Pobblebonk Frogs

01 January, 2012

Pobblebonk Frog <i>Limnodynastes dumerilii</i>
Pobblebonk Frog Limnodynastes dumerilii
Image: Peter Robertson
Source: Wildlife Profiles Pty. Ltd.

Question: We were in our garden last night when we heard a loud "bonk". It was just the single sound repeated every 10 seconds or so. It stopped when we got close, but we were quiet and it soon started up again. It was coming from under a huge pot plant, but it was too heavy to investigate further. What could it have been?

Answer: Usually we would need to see a photograph or the animal itself to identify something, but your description – a "Bonk" sound coming from under a pot plant – is a great clue!

There is a frog that lives in Melbourne called the Pobbleponk or Banjo Frog. It has a very distinctive call – a single "bonk", repeated at intermittent intervals. The males call year round, particularly after heavy rains (and we've certainly had heavy rain this week!).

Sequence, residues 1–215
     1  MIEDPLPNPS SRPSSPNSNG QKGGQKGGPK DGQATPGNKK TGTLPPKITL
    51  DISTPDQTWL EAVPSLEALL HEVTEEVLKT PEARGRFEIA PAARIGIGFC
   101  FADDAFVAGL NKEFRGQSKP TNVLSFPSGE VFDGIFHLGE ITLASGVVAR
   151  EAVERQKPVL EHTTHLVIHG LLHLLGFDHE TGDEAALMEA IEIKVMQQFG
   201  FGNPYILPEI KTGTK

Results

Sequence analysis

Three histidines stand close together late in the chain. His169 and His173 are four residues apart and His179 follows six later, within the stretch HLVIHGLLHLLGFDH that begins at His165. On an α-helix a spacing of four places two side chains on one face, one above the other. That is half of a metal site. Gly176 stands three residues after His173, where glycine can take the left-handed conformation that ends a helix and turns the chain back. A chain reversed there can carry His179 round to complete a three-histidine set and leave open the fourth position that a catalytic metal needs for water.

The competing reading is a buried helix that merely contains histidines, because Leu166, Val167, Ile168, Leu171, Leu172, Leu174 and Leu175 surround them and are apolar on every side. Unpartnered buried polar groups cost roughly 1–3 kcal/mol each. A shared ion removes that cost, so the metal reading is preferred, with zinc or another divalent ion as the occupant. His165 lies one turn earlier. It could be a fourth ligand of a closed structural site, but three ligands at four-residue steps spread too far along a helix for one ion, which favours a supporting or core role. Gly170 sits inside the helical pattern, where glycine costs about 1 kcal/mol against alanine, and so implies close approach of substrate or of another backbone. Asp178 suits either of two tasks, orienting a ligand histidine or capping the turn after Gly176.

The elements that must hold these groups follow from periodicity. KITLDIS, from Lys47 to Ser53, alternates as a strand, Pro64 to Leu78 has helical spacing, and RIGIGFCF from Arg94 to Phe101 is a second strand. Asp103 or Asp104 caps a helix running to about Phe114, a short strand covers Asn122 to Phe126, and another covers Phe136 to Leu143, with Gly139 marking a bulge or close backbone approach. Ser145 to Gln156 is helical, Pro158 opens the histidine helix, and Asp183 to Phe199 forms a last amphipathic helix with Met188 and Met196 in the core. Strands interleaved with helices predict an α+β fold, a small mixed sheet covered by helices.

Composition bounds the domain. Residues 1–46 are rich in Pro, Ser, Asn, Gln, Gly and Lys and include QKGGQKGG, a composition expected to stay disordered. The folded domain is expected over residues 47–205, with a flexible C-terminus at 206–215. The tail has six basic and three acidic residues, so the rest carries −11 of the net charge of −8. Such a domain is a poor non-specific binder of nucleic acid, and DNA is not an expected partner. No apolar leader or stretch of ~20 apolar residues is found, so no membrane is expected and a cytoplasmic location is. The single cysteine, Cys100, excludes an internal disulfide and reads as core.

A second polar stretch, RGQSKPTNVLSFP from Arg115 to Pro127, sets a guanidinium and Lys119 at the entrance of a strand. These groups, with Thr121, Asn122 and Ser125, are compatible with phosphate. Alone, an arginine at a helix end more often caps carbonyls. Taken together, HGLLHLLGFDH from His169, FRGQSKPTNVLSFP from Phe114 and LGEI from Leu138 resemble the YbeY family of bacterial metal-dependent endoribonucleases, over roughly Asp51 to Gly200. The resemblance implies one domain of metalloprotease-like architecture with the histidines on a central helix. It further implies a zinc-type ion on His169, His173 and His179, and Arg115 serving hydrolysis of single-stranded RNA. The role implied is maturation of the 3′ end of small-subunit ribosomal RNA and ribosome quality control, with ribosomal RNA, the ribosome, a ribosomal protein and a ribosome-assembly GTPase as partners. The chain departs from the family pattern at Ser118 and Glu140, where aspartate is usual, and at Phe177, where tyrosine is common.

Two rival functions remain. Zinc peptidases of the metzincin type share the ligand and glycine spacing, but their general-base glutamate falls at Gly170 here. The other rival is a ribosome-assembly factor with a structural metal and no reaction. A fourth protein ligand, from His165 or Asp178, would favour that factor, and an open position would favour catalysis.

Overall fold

The Pobblebonk is a burrowing species and is often encountered by gardeners. Its home under your pot plant is a good one – it won't dry out in hot weather and is well protected from predators (and curious investigators). If you do catch a glimpse of him, take a picture and send it into the Discovery Centre. We can then provide you with a definitive identification.

You're lucky to have frogs in your garden. If you'd like to encourage them, avoid using pesticides and keep that area of the garden moist in very dry weather.

If you'd like to learn more about frogs, visit the Melbourne Museum during the Summer School Holidays. Our theme these holidays is the Aboriginal creation story, Tiddalik the Thirsty Frog. There are live frogs on display, keeper talks, craft activities and a fabulous live performance.

Comments (1)

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Lloyd 8 December, 2012 13:16
Are there any similar species to pobbiebonk frogs elsewhere in the world?
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